Slow ball is an effect of not asking questions of the opposition defence. If you do not do that, they can line you up and team tackle you and you are never going to get quick ball like that. You have to look at the cause rather than the symptoms.

What are your thoughts on some of the punishments that have been handed out to players for dangerous tackles etc? Some seem a bit harsh. (Leigh Smith, 28, London)

I think they were trying to clamp down in the early stages, certainly, and they were probably more stringent than they were in the last World Cup. But foul play has got to be kept out of our game.

During the World Cup, who do you spend most of your spare time with? (Ross Boyt, 28, England)

I am the sort of character who keeps myself to myself really. Whether that is a good or bad thing, I don't know! Gomers (Andy Gomarsall) is next door to me, so I spend a bit of time chatting to him. I also spend a lot of time reading. I have just finished a book on Genghis Khan called Wolf of the Plains. It was fantastic.

What food do you eat before and after an international match? (Will Knox, 26, France)

I always have the same breakfast - marmite on toast with baked beans and perhaps some scrambled egg or chicken breast, plus a cup of tea. And then, if it is an afternoon kick-off, about three hours before I will have a small snack, primarily oat-based or carbohydrate, like a flapjack or an energy bar. That gets me through. If it is a later kick-off, I will have a small lunch as well. It is more what you eat for two days beforehand that matters. What I eat afterwards depends if we have won or not!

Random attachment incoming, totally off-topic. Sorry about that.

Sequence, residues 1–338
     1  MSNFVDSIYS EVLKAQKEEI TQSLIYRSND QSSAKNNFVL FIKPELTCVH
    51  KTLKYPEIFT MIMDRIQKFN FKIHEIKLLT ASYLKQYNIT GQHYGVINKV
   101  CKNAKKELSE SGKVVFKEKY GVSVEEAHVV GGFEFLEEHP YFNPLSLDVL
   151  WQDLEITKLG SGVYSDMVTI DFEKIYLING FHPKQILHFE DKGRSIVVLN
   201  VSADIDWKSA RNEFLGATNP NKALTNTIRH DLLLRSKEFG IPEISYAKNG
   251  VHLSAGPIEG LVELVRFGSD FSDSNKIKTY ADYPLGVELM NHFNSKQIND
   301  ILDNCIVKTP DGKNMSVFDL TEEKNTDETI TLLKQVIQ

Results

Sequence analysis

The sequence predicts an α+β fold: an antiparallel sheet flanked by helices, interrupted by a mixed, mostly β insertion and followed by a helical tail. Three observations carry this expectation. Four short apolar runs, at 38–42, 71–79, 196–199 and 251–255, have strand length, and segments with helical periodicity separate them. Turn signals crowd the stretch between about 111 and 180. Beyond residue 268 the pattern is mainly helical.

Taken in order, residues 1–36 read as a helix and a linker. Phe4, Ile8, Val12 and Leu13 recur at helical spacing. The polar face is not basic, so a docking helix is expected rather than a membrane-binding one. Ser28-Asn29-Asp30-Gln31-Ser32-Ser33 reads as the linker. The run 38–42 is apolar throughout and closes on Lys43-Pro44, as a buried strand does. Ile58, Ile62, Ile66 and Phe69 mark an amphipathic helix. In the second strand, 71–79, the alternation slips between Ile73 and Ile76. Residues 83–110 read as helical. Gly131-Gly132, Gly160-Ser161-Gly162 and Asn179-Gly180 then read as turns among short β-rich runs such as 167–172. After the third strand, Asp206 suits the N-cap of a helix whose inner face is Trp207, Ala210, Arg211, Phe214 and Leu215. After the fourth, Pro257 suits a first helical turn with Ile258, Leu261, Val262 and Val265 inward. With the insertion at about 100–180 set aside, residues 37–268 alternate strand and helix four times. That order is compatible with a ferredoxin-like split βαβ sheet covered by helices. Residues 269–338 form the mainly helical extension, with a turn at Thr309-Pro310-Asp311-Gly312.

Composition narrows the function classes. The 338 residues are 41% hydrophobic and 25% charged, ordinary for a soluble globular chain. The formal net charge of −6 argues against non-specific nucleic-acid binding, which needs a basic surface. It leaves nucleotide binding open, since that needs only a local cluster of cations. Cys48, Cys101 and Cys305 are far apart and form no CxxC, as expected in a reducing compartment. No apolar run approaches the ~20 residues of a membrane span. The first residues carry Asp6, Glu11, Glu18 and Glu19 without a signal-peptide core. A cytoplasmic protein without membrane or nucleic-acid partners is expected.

Do you remember every try you have scored in your international career and which did you enjoy the most? (Leo Collins, 17, Edinburgh)

It has been a while since I scored one for England! I think it was Scotland at home, a little while back (the 2006 Six Nations).

Josh Lewsey scores a try against Italy in 2003
Lewsey scores his "favourite" try against Italy in 2003

There has been a bit of drought recently in terms of opportunities but it has not been through lack of effort! Perhaps my favourite try was against Italy in the 2003 Six Nations. The then England coach Clive Woodward rang me on the Sunday before the game and said: "This is your one and only chance to impress."

I got man-of-the-match that day and scored a 60-metre try. In terms of the pressure on that game, it was probably quite a symbolic moment for me.

How hard do you find it switching from Wasps' attacking and defensive systems to England's? (Graeme Forbes, 36, Macedonia)

That's a very good question. It is difficult but hopefully we will put that right for this weekend!

Do you or the team have any pre-match superstitions? (Fred Roberts, 18, London)

Some players put one particular boot on first or they like to be first or last out of the dressing room but I don't have any. I just get on with it.

Last week you were up against Bryan Habana, this week it will be Alesana Tuilagi for Samoa. What sort of problems does he pose for a defence? (Dale, 29, Cambridge)

I am not marking Tuilagi now because I will be at full-back. Everyone asked how I was going to handle Habana last week - he got a couple of opportunities but he did not score. Tuilagi is obviously a bit of a different body shape to Bryan but he is no less challenging. If our defence holds firm, hopefully I will not get to tackle him!